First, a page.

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Title: Adaptive differential pulse code modulation and sub-band coding of speech signals
Author: Wong, Kam-Him James
Awarding Body: University of Southampton
Current Institution: University of Southampton
Date of Award: 1987
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Developments of Adaptive Differential Pulse Code Modulation (ADPCM) and Sub-band Coder for speech signals are presented that increase their robustness of transmission errors. The impetus for the study derives from the current activities in Europe to produce a continental digital cellular mobile radio system. In order to transmit digitised speech in the mobile radio environment, the speech codec must have special properties. Apart from being able to produce toll quality speech at a reasonable cost, operate at a bit rate below 24 kbit/s, they must also be able to withstand burst and distributed transmission errors, and have the capability to operate in noisy acoustical ambient conditions. Our attention is focused on two strong contenders that satisfy these requirements, namely adaptive differential pulse code modulation (ADPCM) and sub-band coding (SBC). An ADPCM codec is designed with step-size prediction and vector predictors. The step-size prediction increases the codec's dynamic range; while the vector predictors enhance the speech quality and increase the codec's robustness to transmission errors. The codec yields toll quality speech when the encoded bit rate is 24 kbit/s. The sub-band codec separates the speech signal into sub-bands by means of quadrature mirror filters and encodes each sub-band signal using one-word memory quantizers. A semi-adaptive bit allocation strategy for the quantizers is used dependent on whether the speech is voiced, unvoiced or in transition, or whether data signals are present. We have developed the SBC for operation over mobile radio channels. Specifically, we apply either step-size forcing or step-size leakage algorithms. The resultant codec configuration produces near toll quality speech while operating at transmission bit rates of 16 kbit/s. Its speech quality can be maintained without significant degradation for bit error rates (BER) up to 3x10⁻³. Entropy coding has been embedded into the sub-band codec. We classify the sub-band signals and the adaptive quantizer step-sizes to produce a number of codebooks. By this technique we have achieved a reduction in the average bit rate from 8% to 15%. Joint optimisation of the SBC and Reed-Solomon or convolution coding followed by post speech enhancement techniques is studied. We find that embedded systematic Reed-Solomon coding enables 16 kbit/s SBC speech to be conveyed over Rayleigh fading channels at 24 kbit/s to yield toll quality speech at BERs < 10⁻².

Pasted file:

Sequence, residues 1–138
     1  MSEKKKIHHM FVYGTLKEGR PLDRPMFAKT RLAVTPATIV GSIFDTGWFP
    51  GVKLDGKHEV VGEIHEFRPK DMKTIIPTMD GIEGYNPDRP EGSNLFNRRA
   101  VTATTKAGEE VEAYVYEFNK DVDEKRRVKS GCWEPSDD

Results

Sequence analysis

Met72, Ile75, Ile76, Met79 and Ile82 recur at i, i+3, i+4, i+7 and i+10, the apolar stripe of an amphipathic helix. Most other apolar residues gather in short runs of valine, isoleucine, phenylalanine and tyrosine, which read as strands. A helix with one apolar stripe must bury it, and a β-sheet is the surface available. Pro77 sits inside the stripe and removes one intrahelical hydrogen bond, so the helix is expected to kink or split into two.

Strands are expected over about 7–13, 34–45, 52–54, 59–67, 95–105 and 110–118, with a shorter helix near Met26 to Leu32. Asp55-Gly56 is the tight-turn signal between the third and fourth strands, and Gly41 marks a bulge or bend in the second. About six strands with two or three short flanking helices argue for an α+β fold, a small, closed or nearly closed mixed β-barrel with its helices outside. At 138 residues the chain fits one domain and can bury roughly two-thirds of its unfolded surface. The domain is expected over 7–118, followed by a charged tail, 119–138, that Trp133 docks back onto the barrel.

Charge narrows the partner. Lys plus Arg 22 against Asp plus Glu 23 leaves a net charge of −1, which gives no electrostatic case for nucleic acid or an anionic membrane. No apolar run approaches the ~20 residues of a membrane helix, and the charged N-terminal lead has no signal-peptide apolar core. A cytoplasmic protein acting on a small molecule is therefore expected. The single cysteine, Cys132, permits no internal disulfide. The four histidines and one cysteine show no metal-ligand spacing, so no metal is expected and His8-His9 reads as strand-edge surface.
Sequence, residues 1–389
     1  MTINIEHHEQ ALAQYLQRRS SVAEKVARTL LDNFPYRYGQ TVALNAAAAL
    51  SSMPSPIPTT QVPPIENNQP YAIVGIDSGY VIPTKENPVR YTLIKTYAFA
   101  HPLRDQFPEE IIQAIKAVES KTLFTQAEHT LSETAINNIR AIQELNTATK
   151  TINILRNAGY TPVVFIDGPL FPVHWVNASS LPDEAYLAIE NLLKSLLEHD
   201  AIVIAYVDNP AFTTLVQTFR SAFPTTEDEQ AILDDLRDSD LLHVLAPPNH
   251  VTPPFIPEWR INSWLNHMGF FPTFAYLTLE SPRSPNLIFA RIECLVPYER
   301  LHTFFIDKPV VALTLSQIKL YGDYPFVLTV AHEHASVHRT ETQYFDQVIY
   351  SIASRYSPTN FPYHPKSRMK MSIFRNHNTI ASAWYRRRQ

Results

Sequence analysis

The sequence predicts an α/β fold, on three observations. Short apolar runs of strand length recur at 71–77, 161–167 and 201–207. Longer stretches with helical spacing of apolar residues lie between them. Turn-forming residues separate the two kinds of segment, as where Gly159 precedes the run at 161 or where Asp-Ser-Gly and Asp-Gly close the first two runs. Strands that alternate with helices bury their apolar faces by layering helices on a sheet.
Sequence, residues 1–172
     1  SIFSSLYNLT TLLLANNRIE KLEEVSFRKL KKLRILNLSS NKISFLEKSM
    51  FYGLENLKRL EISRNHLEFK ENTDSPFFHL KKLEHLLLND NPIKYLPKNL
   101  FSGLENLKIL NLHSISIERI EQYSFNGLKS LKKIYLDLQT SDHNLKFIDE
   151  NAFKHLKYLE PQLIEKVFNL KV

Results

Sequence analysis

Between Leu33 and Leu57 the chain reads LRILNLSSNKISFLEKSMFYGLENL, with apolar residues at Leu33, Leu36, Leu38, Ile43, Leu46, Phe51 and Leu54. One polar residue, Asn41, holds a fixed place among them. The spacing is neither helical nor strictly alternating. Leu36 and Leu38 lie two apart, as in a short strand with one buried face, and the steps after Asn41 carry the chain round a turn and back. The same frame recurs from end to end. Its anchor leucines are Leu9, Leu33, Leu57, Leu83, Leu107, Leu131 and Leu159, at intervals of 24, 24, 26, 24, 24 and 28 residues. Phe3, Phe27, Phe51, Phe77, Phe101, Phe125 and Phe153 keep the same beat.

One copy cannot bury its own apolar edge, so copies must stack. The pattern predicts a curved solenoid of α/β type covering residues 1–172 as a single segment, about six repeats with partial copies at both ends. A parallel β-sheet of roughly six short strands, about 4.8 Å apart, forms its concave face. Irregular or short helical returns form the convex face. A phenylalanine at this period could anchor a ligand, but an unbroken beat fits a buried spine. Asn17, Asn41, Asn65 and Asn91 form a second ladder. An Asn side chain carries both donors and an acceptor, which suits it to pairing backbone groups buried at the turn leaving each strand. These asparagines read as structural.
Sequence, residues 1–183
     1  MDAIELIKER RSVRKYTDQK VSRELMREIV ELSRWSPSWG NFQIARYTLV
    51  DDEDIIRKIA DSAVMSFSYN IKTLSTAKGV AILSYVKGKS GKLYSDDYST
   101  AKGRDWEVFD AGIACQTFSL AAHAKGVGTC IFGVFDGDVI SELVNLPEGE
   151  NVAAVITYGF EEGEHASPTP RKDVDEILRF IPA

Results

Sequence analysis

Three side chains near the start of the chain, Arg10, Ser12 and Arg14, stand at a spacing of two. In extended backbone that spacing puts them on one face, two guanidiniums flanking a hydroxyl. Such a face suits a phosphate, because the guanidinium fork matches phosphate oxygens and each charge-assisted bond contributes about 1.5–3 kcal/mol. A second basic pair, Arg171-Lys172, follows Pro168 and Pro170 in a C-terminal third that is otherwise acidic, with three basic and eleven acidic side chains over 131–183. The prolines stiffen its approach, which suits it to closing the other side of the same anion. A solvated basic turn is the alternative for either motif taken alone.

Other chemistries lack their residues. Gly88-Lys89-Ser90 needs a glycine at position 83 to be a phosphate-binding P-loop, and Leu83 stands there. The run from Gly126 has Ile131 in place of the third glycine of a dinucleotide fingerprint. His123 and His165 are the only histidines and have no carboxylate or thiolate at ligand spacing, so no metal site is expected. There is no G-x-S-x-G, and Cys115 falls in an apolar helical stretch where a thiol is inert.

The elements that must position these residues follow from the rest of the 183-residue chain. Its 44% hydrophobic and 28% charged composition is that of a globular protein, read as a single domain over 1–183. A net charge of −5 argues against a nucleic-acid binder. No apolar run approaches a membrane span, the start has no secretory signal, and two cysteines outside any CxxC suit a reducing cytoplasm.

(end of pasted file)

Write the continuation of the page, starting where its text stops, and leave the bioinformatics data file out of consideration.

Supervisor: Not available Sponsor: Not available
Qualification Name: Thesis (Ph.D.) Qualification Level: Doctoral
EThOS ID:  DOI: Not available
Keywords: Mobile radio speech coding